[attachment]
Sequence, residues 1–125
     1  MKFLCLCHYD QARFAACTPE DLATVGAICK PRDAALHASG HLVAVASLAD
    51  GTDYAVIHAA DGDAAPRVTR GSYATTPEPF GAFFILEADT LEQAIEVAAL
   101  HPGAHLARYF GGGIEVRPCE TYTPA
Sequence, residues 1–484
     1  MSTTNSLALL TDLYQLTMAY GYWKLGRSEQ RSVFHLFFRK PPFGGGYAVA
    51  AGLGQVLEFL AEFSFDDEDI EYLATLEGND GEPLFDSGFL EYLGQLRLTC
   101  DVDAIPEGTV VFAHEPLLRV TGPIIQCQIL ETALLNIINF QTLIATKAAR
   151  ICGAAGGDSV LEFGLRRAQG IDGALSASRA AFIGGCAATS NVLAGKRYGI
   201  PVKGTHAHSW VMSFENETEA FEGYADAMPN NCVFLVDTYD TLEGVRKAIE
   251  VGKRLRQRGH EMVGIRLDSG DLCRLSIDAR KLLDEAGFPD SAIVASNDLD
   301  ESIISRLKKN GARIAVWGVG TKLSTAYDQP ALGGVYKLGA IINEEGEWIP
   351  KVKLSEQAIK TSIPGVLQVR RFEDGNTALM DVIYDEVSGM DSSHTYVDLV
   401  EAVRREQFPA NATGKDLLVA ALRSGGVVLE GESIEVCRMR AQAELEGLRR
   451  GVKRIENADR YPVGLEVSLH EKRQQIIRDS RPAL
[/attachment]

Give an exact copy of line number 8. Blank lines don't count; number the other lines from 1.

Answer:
   101  DVDAIPEGTV VFAHEPLLRV TGPIIQCQIL ETALLNIINF QTLIATKAAR